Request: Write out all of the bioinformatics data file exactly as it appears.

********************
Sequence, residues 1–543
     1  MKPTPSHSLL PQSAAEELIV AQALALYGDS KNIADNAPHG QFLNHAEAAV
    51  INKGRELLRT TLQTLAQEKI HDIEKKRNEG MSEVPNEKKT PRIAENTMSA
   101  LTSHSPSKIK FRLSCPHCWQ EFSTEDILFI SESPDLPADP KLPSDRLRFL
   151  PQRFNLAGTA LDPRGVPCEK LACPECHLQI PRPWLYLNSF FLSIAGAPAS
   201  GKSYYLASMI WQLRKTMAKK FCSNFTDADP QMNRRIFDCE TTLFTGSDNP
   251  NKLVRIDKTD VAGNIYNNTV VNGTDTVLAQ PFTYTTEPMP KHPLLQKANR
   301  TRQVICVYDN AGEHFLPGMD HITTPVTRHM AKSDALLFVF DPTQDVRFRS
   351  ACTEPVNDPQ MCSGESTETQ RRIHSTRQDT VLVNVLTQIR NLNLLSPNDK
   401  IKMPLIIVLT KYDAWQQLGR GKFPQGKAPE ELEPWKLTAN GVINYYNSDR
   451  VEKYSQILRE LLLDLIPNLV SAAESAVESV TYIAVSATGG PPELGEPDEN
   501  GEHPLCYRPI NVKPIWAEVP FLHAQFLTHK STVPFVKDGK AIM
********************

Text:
Sequence, residues 1–543
     1  MKPTPSHSLL PQSAAEELIV AQALALYGDS KNIADNAPHG QFLNHAEAAV
    51  INKGRELLRT TLQTLAQEKI HDIEKKRNEG MSEVPNEKKT PRIAENTMSA
   101  LTSHSPSKIK FRLSCPHCWQ EFSTEDILFI SESPDLPADP KLPSDRLRFL
   151  PQRFNLAGTA LDPRGVPCEK LACPECHLQI PRPWLYLNSF FLSIAGAPAS
   201  GKSYYLASMI WQLRKTMAKK FCSNFTDADP QMNRRIFDCE TTLFTGSDNP
   251  NKLVRIDKTD VAGNIYNNTV VNGTDTVLAQ PFTYTTEPMP KHPLLQKANR
   301  TRQVICVYDN AGEHFLPGMD HITTPVTRHM AKSDALLFVF DPTQDVRFRS
   351  ACTEPVNDPQ MCSGESTETQ RRIHSTRQDT VLVNVLTQIR NLNLLSPNDK
   401  IKMPLIIVLT KYDAWQQLGR GKFPQGKAPE ELEPWKLTAN GVINYYNSDR
   451  VEKYSQILRE LLLDLIPNLV SAAESAVESV TYIAVSATGG PPELGEPDEN
   501  GEHPLCYRPI NVKPIWAEVP FLHAQFLTHK STVPFVKDGK AIM